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Ripping Yarns

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There’s a second-hand bookshop around the corner from where I live called Ripping Yarns – just a hole in the wall, near a relatively busy intersection, but close to Highgate Woods. It’s been there since before the war but I’m not sure how much longer it will last. The lease is up next September, and I worry that the internet and charity bookshops will eventually drive it out of business. Celia Mitchell, the owner, has to dip into her pocket from time to time to cover costs. I buy as much as I can there, especially in the run-up to Christmas, but it doesn’t add up to much. Second-hand books are cheap.
 
The shop is worth more to me than the books. My daughter is six and it’s on our way home from the woods. It specialises, among other things, in old-fashioned children’s books: the Ladybird series and Enid Blyton, for example, including a few first editions. It’s got other specialities, too: crime fiction, sport and ‘prewar novels’ – books that advertise patented hair-oils inside the front cover, for one and six, with titles like Skinner’s Dress Suit. (First chapter: ‘Skinner Asks for a Raise.’) There’s one of those turntables in one corner, which mixes pulp titles with paperback classics, and novels that lie somewhere between: The Ginger Man, Lady Chatterley’s Lover, The Naked Maja.
 
It’s got the old bookshop smell, and a photocopy from a perfume guide about the cause of old bookshop smell, tacked to one of the shelves. (Lignin, the stuff that keeps trees from ‘adopting the weeping habit’, is related to vanillin, which is why old bookstores smell so sweet.) On sunny days, in the street, someone spreads out trays full of titles for a pound: Adam Bede, The Undercover Aliens (by A.E. van Vogt), poetry from the University of Virginia.
 
Second-hand are like cultural tree-rings: you can see inside them the books that sold in quantity decade by decade. Felicia Hemans, Walter Scott, the autobiography of Benvenuto Cellini, The Pumpkin Eater, James Bond, Bridget Jones.
 
I lived near two great second-hand shops as a kid: Half-Price Books in Austin, which used to sell every title at half its original retail price. (I once picked up a Moby-Dick from the 1950s for 23 cents. They rounded up.) And Keith Fawlkes books in Hampstead, which is still going, though it’s smaller than it used to be, and on weekends they line Flask Walk with bits of furniture, picture frames and pottery for sale. When I was 15 I bought a night-blue edition of Shelley’s Collected Works there for two pounds. Probably half the books on my poetry shelf come from Keith Fawlkes.
 
I’d like to think that my children will be able to go to Ripping Yarns when they’re ten and 15, and older. Maybe they’ll have Kindles by then, but you can’t cast your eye over the shelves of a Kindle and stumble on The Bird of Dawning or The Weekend Book or All Passion Spent.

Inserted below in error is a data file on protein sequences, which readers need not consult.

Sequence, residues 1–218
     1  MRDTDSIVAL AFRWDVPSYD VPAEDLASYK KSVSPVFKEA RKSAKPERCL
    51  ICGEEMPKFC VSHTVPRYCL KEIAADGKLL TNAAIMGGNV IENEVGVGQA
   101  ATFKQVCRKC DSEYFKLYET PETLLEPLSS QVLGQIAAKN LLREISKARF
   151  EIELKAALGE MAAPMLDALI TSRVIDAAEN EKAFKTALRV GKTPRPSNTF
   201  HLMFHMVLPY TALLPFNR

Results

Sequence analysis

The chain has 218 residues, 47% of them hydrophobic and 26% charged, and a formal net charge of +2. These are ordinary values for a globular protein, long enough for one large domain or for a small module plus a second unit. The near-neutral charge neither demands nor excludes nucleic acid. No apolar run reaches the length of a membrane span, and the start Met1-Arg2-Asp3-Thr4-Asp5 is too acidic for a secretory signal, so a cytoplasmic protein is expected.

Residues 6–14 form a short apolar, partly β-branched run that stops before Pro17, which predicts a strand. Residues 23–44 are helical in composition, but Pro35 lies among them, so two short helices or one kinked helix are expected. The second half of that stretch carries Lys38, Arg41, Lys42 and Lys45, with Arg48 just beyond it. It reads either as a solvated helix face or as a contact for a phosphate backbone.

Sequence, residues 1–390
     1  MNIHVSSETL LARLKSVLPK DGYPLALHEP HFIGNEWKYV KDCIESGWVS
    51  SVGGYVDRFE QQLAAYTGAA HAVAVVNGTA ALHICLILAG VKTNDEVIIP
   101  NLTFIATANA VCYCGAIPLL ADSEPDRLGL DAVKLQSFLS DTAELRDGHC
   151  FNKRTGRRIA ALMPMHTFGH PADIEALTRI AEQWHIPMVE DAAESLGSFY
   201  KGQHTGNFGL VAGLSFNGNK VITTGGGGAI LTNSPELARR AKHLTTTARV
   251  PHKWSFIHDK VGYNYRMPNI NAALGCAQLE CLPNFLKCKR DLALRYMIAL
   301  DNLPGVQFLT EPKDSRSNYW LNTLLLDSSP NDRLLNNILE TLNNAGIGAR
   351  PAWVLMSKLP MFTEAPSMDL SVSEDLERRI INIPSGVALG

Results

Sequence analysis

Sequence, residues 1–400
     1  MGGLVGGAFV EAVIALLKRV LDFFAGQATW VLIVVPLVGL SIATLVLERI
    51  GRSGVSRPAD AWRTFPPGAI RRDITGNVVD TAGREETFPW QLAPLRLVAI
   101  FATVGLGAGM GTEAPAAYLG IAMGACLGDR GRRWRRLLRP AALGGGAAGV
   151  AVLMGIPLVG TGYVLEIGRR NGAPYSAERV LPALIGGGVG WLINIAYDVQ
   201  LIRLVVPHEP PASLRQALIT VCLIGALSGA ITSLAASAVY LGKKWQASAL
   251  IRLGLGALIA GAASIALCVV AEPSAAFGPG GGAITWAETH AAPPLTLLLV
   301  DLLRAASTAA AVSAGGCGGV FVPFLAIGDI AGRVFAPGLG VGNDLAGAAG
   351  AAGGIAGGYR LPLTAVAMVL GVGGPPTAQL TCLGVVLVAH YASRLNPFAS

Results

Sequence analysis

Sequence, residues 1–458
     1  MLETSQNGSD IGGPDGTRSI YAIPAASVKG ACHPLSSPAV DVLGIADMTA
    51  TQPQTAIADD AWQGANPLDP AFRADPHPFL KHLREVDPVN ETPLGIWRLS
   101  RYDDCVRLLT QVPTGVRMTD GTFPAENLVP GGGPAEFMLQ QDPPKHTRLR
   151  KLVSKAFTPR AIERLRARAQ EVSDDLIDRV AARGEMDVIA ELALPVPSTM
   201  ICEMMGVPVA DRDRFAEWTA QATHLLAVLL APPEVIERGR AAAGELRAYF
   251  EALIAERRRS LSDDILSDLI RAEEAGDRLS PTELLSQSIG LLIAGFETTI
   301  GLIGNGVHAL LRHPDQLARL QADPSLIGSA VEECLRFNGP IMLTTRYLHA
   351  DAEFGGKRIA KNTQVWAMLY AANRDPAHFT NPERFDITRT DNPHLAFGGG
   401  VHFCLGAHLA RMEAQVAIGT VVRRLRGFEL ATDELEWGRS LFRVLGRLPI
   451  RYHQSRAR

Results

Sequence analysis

Of course, if it means so much to me I should be willing to pay for it. And the truth is, I am – which is really the point of this blog post. I want to know if other people would be willing to pay, too. To keep a shop like Ripping Yarns going I’d happily pay a subscription, say two or three pounds a month, if enough other people were willing to pay something similar. A kind of membership fee, along Co-op lines. There’s no reason to think that the value of a shop should equal the value of the goods you buy from it. And maybe there are other ways to pay for a High Street we’d like to live near.

Comments on “Ripping Yarns”

  1. WendyR says:

    I think this is an excellent idea, and would certainly be happy to contribute in such a way.

  2. xpat says:

    A sweet article commemorating a rapidly vanishing world. Unfortunately the proposed solution — “To keep a shop like Ripping Yarns going I’d happily pay a subscription, say two or three pounds a month, if enough other people were willing to pay something similar. A kind of membership fee, along Co-op lines” — strikes me as highly utopian as it would take a LOT of subscriptions to cover even non-high street rents.

    In the pre-cyber era I witnessed the decline of ssveral booksellers’ districts due rent gouging. Add to that all the booksellers’ woes of the past decade: competition from charity shops, internet bookselling, print on demand, ebooks and a generally tanking economy throughout the developed world and it isn’t a very attractive trade to get into — or to remain in.

    The only place where I have seen very small scale brick & mortar secondhand booksellers thriving, more or less, is in cities where the city planners have had the wisdom to subsidise low-rent booksellers’ stalls. A hundred of these small stalls concentrated in one small area becomes a great attraction for a metropole’s bibliophiles, and allows booksellers to if not prosper then survive. Examples: Madrid’s Retiro Park, Cairo’s Ezbekiya Gardens — both modelled after the Paris Seine bookstalls.

    And as we adjust to the new normal of small-scale survival strategies perhaps this would be an excellent idea to try somewhere in the UK.

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